The security transition process was the catalyst for some real progress in the security sector: development and passage of legislation to professionalize the Liberia National Police and the Liberia Immigration Service and to formalize weapons control; a revised National Security Strategy which has people at the core and as the basis for security, not the other way around; the strengthening of county level early warning and security coordination; and the development of an Integrated Border Management Strategy. Another notable achievement has been the change within the Liberia National Police towards a community-oriented approach to policing, focused on creating an enabling environment. This was fundamental to the successful conduct of peaceful elections in Liberia over the last couple of months. I am extremely proud of what the Liberian police achieved and of my team who worked so closely with them.

With respect to the justice sector, one key area for UNMIL has been strengthening capacity for electoral dispute resolution. UNMIL has maintained excellent relationships with the Government at the highest levels, including with the Chief Justice and the Minister of Justice, and this facilitated our support in this sensitive area.

"change within the Liberia National Police towards a community-oriented approach to policing, focused on creating an enabling environment. This was fundamental
to the successful conduct of peaceful elections"

Two other areas of UNMIL’s work that have come to fruition over my time here were our support to the establishment of a Gender and Security Sector National Task Force, which now coordinates Liberia’s implementation of UN Security Council resolution 1325 on Women Peace and Security. The other is the culmination of years of support to the Independent National Commission on Human Rights, when it received full accreditation from the Global Alliance of National Human Rights Institutions.

To what extent was UNMIL directly involved in helping build Liberia’s rule of law institutions?

I would like to acknowledge here the forward-looking perspective of previous UNMIL leadership in seeking to ensure a holistic approach to the rule of law sector. Although the initial period of the Mission was consumed by creating a stable environment, including demobilizing all armed groups, the work to build the judiciary, the Ministry of Justice, the police, and other rule of law institutions started simultaneously. But because this was such a major undertaking, and because there were such limited resources, this work initially proceeded slowly.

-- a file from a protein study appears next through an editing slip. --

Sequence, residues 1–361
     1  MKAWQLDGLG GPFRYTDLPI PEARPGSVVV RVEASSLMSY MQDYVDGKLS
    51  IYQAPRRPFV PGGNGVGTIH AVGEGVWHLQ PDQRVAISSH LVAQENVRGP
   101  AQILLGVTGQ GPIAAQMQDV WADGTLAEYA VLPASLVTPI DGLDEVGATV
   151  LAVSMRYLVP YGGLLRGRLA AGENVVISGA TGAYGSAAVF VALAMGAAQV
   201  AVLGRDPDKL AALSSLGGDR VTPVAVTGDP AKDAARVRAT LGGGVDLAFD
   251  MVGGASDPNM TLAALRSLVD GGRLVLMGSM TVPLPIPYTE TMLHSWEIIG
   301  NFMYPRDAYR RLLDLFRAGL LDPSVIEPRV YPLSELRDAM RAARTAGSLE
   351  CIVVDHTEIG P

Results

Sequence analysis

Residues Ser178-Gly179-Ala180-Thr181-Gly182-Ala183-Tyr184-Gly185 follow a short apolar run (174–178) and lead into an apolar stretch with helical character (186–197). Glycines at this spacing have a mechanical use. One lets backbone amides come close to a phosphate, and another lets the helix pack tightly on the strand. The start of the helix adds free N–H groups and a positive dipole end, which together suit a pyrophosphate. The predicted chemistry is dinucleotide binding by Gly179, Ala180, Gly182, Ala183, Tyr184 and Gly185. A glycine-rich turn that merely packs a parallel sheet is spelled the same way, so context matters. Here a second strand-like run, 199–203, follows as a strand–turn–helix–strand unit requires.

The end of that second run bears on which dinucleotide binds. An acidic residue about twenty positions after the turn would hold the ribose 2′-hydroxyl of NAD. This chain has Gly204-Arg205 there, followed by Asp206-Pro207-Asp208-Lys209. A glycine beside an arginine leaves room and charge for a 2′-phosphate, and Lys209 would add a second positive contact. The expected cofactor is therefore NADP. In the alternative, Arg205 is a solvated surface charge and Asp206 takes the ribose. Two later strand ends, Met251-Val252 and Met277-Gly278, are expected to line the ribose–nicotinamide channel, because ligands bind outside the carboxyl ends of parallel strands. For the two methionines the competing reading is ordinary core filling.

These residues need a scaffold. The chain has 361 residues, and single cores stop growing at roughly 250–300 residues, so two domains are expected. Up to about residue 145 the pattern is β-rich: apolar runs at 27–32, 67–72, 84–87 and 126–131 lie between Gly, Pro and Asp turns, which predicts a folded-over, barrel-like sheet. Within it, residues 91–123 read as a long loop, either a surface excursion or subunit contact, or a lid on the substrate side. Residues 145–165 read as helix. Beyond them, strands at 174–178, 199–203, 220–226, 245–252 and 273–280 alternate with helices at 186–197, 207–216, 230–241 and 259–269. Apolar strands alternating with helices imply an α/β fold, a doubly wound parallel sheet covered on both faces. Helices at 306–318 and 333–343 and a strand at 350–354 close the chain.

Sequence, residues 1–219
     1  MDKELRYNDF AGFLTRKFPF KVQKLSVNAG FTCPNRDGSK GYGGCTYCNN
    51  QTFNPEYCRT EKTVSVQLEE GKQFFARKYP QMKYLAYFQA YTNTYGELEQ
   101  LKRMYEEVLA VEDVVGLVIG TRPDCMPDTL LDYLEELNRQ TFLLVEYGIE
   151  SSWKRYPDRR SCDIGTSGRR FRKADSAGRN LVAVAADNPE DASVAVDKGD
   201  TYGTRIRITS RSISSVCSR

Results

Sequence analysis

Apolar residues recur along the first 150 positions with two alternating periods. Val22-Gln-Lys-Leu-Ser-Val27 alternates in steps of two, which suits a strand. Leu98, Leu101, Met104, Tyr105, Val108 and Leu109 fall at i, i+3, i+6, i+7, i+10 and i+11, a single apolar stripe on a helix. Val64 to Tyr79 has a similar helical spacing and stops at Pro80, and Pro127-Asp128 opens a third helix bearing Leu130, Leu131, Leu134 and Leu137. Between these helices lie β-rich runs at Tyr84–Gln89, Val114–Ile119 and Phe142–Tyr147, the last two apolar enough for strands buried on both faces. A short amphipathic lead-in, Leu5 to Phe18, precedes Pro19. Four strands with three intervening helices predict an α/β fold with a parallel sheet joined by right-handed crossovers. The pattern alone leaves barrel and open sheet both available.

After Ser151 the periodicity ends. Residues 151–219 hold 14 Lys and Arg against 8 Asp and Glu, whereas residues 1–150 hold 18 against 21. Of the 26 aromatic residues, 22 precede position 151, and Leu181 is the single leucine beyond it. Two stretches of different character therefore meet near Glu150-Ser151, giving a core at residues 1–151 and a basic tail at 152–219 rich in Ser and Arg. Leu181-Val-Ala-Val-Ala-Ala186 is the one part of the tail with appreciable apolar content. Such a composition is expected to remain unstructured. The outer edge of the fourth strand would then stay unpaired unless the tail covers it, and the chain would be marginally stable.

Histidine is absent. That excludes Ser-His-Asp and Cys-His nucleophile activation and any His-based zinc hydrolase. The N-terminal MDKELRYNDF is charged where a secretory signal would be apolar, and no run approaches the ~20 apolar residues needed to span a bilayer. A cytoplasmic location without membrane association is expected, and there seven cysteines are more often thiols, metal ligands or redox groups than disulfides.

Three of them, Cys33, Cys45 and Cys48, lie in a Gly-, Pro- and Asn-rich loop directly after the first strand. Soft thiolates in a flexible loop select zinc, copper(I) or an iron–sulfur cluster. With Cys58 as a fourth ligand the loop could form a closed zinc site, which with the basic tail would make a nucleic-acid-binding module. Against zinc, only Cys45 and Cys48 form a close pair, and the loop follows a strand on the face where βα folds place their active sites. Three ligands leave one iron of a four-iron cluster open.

From the beginning, UNMIL mentors and advisers were co-located in key institutions - the Ministry of Justice, the Judiciary, and the Liberia National Police, the prisons managed by the Bureau of Corrections and Rehabilitation, and later, the Liberia Immigration Service. They worked with national colleagues each and every day. In this way the UN played a major role in supporting national institutions, from the development of policy and planning capacity, to setting up budget and administrative processes, to the development of legal frameworks. This last area has taken some time, as legal frameworks must move through a drafting, consultation and then validation process, before reaching the legislative process.

"I would like to acknowledge here the forward-looking perspective of previous UNMIL leadership"

These are time-intensive activities, and it’s always a struggle to have a budget that meets the requirements, so it’s a lot of incremental work over a number of years. The UN’s role has changed over the years, gradually taking a back seat as national institutions developed capability to fully lead development and reform processes. Today, Liberia is one of those places where you move around and feel the warmth from the people toward the UN.         


Liberians really appreciate what we have done here. This positivity comes from the way the UN has worked here, not bossing Liberians around but working with them to reach their objectives.             

"Today, Liberia is one of those places where you move around and feel the warmth from the people toward the UN. Liberians really appreciate what we have done here."

A key factor in UNMIL’s support to building Liberia’s rule of law institutions has been the use of quick-impact project funding. UNMIL has used this tool over more than a decade to address priority gaps in rule of law infrastructure, particularly in rural areas, and to facilitate capacity-building in critical areas.